That’s not to say protesting is for nothing. Protests are good for mobilizing a large amount of people, showing to others a genuine public interest for action. They are good at raising awareness on underrepresented issues and the plight of the many. They can be a key first step to changing the tides of public opinion and, later, policy. But all forms of mass action have their strengths and limits. So, why have marches in particular been able to germinate so well in our society? 

I dislike the term “slacktivism,” but the low commitment of marches contribute to this. More importantly, though, our society has been built up in a way to punish any action more radical than this. Think about how scary the threat of arrest is in America. Imprisonment or even fines can really hurt the average person, and anything on the permanent record can mess you up for years in the future. Also, the police are armed here, and any altercation with them may turn violent or even deadly. That’s not to get into the punishments you may face in your job, especially severe when we have so few safety nets in this country for the unemployed. In America, we are pacified under threat by the state, punished further by the corporate structure. 

In addition, companies and government officials have co-opted many protesting efforts to remove the blame from them. Look at Justin Trudeau walking with the Montreal climate strike last year. Perhaps his motives are pure, but he is part of the problem. Yes, it’s good for private and public leaders to make a stand, signalling to others of their stance on the issue. But it may also be lip service, a way to fool people into thinking their message is being heard when it’s really falling on deaf ears.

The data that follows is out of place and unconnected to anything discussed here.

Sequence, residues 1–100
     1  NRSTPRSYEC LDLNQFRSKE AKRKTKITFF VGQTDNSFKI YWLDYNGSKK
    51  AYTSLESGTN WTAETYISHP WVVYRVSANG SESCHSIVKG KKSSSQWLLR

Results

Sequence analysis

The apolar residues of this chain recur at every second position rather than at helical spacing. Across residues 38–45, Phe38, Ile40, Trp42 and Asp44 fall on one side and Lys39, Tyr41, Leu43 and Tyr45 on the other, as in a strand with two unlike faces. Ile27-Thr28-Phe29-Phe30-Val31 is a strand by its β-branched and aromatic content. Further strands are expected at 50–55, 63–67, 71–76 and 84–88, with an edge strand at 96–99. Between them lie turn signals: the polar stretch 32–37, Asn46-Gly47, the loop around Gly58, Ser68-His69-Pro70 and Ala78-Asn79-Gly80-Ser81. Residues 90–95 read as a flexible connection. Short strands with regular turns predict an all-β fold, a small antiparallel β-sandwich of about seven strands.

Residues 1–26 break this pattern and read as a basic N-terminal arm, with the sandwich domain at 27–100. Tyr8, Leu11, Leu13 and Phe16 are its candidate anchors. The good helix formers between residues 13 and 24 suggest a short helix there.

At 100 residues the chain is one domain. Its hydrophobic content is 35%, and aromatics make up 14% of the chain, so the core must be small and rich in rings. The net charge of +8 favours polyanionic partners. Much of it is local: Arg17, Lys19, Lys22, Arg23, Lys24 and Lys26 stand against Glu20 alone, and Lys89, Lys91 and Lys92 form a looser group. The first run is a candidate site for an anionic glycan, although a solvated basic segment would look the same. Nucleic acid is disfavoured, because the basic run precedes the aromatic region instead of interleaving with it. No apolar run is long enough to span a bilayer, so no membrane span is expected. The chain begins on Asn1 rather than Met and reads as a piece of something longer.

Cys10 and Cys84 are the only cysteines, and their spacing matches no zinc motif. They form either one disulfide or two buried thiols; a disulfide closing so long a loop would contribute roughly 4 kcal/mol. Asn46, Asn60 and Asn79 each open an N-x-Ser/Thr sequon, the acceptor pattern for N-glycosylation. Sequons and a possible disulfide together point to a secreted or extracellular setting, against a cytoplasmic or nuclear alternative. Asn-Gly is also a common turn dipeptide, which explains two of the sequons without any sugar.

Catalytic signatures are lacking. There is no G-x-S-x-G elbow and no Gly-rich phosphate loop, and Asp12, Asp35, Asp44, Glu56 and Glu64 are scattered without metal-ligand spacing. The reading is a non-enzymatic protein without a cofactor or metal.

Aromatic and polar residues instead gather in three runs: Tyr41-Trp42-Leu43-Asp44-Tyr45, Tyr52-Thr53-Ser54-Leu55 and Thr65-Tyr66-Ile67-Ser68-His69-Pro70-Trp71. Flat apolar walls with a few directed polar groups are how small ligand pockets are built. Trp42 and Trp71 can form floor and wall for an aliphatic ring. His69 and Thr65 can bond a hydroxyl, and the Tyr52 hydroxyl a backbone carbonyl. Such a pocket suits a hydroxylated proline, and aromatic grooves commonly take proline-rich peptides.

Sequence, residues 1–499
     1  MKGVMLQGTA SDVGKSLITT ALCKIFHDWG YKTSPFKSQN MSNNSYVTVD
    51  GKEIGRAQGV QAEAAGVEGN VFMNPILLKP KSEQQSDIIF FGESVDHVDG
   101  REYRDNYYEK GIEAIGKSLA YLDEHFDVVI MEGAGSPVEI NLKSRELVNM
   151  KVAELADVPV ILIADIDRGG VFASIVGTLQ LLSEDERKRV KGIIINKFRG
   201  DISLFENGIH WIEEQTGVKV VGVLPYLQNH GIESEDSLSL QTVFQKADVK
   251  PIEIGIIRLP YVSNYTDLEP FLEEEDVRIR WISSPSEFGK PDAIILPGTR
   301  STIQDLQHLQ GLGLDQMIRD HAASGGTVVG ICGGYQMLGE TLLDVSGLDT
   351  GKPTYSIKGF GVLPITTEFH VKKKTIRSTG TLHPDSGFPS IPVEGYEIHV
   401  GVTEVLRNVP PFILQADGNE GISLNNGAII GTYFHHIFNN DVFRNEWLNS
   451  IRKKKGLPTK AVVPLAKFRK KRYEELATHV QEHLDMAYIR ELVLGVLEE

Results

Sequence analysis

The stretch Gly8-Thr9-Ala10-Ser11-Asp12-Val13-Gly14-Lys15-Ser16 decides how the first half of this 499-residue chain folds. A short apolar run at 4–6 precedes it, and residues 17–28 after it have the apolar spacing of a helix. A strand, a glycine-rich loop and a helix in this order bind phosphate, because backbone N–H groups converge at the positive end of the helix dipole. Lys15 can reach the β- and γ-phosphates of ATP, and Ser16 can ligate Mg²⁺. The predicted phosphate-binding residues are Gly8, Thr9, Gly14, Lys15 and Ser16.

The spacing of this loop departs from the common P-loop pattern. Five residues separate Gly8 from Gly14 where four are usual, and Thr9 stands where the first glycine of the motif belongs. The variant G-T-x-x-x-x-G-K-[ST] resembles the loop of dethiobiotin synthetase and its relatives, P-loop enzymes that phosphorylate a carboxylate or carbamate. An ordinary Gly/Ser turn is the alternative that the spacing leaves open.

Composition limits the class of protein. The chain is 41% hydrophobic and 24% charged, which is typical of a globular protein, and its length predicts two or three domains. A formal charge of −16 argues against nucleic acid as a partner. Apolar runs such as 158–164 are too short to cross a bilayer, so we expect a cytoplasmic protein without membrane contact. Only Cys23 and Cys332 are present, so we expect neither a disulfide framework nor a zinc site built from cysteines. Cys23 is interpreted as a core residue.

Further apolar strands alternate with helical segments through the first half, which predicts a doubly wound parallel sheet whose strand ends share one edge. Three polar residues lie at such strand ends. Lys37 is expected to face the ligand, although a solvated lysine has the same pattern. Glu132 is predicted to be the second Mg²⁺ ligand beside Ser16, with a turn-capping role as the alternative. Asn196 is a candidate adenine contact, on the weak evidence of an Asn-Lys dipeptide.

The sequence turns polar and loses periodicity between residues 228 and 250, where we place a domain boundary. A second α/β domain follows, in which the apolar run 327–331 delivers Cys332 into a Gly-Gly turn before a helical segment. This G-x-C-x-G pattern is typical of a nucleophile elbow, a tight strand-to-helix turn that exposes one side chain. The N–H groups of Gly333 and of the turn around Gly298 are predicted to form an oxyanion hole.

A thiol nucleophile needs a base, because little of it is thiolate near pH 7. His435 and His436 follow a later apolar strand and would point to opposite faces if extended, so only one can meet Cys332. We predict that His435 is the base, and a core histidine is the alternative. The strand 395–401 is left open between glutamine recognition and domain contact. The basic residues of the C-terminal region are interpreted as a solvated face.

I will be the first to admit I am not committed to radical action. I have a career plan for myself, and I always feel like I’m on a tight timeline for it. Any delays due to radical action are very hard to justify. They shouldn’t stop me, but they do. Look at UC Santa Cruz, where over 50 graduate students were fired for striking for higher pay. Those students are heroes for speaking out, but I’m sure they are very stressed now that they’ve been, well, fired. Mass action more radical than superficial marching is swiftly punished, and that’s scary. 

What is the way out of this? I am not sure. Around the world, though, people are increasingly having different and more radical attitudes than the prevailing thought of America. In Chile, protestors are braving violence and arrests to call out their laissez-faire government. In France, the yellow vest protests against rising cost of living have been pointed and sometimes violent. Civil disobedience in Lebanon has managed to force the prime minister to resign and are still ongoing. Even without making any value judgment on these protests, it can’t be denied that the prolonged action in these examples is more radical and effective than some of the efforts we have seen in America. 

If the system structurally does not work, it must be reset a good amount to achieve lasting change. At least in America, though, we have yet to learn this lesson.  

Disclaimer: The views and opinions expressed by individual writers in the opinion section do not reflect the views and opinions of The Daily Campus or other staff members. Only articles labeled “Editorial” are the official opinions of The Daily Campus.

Thumbnail photo courtesy of Thibault Camus / AP Photo.


Peter Fenteany is the associate opinion editor for The Daily Campus. He can be reached via email at peter.fenteany@uconn.edu